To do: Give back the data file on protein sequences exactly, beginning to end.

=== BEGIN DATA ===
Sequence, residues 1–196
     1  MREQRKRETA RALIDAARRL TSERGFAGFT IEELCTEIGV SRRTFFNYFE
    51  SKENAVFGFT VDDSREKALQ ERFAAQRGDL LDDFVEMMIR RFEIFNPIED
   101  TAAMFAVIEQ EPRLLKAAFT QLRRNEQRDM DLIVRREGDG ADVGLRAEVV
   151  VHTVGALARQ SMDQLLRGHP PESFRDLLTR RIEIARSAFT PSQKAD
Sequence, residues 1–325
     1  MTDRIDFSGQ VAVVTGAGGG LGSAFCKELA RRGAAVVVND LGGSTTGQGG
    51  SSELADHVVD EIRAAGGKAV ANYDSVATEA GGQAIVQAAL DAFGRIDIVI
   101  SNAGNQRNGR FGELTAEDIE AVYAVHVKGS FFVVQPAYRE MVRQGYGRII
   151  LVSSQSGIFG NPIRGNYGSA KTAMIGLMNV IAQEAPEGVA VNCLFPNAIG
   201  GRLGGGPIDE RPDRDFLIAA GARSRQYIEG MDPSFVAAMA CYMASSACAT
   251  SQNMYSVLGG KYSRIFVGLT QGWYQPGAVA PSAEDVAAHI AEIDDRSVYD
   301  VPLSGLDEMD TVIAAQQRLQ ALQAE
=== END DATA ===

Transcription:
Sequence, residues 1–196
     1  MREQRKRETA RALIDAARRL TSERGFAGFT IEELCTEIGV SRRTFFNYFE
    51  SKENAVFGFT VDDSREKALQ ERFAAQRGDL LDDFVEMMIR RFEIFNPIED
   101  TAAMFAVIEQ EPRLLKAAFT QLRRNEQRDM DLIVRREGDG ADVGLRAEVV
   151  VHTVGALARQ SMDQLLRGHP PESFRDLLTR RIEIARSAFT PSQKAD
Sequence, residues 1–325
     1  MTDRIDFSGQ VAVVTGAGGG LGSAFCKELA RRGAAVVVND LGGSTTGQGG
    51  SSELADHVVD EIRAAGGKAV ANYDSVATEA GGQAIVQAAL DAFGRIDIVI
   101  SNAGNQRNGR FGELTAEDIE AVYAVHVKGS FFVVQPAYRE MVRQGYGRII
   151  LVSSQSGIFG NPIRGNYGSA KTAMIGLMNV IAQEAPEGVA VNCLFPNAIG
   201  GRLGGGPIDE RPDRDFLIAA GARSRQYIEG MDPSFVAAMA CYMASSACAT
   251  SQNMYSVLGG KYSRIFVGLT QGWYQPGAVA PSAEDVAAHI AEIDDRSVYD
   301  VPLSGLDEMD TVIAAQQRLQ ALQAE